Thousands gathered under clear, blue skies Monday for Pasadena’s yearly spectacle of fantastical floral floats, high-stepping marching bands and colorful equestrian units.
Themed “Just Imagine,” the 123rd Tournament of Roses Parade was expected to attract more than 150,000 visitors this year. The parade is being held on Jan. 2 instead of the traditional Jan. 1 because the parade is not held on Sundays.
The event this year was punctuated by a demonstration: The group Occupy the Rose Parade carried signs drawing attention to their cause of income inequality, and dozens of protesters planned to march at the end of the parade with an Occupy Octopus “live” float constructed of plastic bags.
That prospect appeared not to dent the enthusiasm of thousands of parade-goers, many of whom spent the night camped out on air mattresses and in sleeping bags to claim coveted positions along the 5 1/2-mile parade route.
The 123rd annual Rose Parade featured 44 floats, 21 marching bands and 20 equestrian troupes marching the 5.5 mile route through the heart of Pasadena. The event draws participants and viewers from around the world, and several cities in the region are hives of activity in advance of the big day.
Burbank, Glendale, La Canada Flintridge and South Pasadena are among the local cities that sponsor floats. The mayor of also rides on a float.
Some of those cities are represented on this year’s Rose Court, the group of seven young women who will represent the Tournament of Roses at events and receptions throughout the year. Pasadena native Drew Washington, 16, a student at Flintridge Sacred Heart Academy in La Canada, is this year’s Rose Queen.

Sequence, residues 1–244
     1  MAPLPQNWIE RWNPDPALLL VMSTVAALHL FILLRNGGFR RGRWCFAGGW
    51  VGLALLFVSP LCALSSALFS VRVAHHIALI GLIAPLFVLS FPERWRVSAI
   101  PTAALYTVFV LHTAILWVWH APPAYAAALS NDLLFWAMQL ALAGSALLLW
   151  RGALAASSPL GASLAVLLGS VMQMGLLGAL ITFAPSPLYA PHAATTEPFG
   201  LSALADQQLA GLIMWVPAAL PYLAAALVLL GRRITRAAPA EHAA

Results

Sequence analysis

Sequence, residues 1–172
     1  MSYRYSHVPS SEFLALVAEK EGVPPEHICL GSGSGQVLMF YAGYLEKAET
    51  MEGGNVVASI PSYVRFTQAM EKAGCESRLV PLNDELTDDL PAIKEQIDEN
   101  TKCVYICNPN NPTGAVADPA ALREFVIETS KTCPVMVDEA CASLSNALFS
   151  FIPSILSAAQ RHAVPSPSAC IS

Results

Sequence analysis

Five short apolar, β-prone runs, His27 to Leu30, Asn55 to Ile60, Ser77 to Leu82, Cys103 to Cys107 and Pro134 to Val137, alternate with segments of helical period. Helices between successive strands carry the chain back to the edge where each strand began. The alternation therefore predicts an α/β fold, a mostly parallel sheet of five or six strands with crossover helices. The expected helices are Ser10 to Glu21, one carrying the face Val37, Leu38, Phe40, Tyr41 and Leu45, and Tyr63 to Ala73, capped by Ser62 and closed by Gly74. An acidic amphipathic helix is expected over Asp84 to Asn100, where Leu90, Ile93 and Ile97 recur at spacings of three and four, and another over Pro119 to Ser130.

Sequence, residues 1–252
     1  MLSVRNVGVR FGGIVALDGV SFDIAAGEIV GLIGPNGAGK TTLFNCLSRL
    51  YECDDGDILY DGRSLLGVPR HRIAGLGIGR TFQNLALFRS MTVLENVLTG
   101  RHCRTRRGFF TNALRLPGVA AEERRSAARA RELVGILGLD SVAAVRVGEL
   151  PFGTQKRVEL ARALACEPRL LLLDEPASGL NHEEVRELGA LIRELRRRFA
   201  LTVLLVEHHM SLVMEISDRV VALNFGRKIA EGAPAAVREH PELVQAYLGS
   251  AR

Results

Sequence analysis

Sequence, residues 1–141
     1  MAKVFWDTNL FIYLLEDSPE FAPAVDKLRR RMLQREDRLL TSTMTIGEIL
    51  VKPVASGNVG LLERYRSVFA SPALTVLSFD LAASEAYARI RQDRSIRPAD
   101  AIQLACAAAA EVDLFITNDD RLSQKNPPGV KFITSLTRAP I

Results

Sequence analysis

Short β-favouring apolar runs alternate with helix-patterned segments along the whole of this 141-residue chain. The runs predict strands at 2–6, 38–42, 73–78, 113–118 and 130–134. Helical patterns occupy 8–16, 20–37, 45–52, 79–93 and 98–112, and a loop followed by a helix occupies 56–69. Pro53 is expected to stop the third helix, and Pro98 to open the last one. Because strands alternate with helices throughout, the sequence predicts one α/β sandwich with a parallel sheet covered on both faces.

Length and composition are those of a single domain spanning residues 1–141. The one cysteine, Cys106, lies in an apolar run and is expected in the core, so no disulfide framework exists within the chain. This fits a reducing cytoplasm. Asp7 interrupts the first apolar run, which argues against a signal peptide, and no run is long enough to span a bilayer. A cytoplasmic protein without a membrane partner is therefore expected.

J.R. Martinez, a decorated veteran of the Iraq war and a champion on “Dancing with the Stars,” is the parade’s grand marshal.
Several local high school marching bands and a Pasadena City College ensemble are among those scheduled to perform.
The Rose Parade and Rose Bowl game generate $180 million in economic activity, according to Tournament of Roses officials, ranging from the corporate sponsorship of individual floats and the football game to money spent in the region by the estimated 800,000 visitors who come for the game or the parade. This year’s game, which kicks off after the parade is over, is a clash between the University of Oregon Ducks and the University of Wisconsin Badgers.
Photo: Rose Queen Drew Washington and members of the Royal Court ride in the Macy’s “Presenting the Royal Court,” float. Credit: Allen J. Schaben / Los Angeles Times
-- Bill Kisliuk, Times Community News
The Los Angeles Times contributed to this report.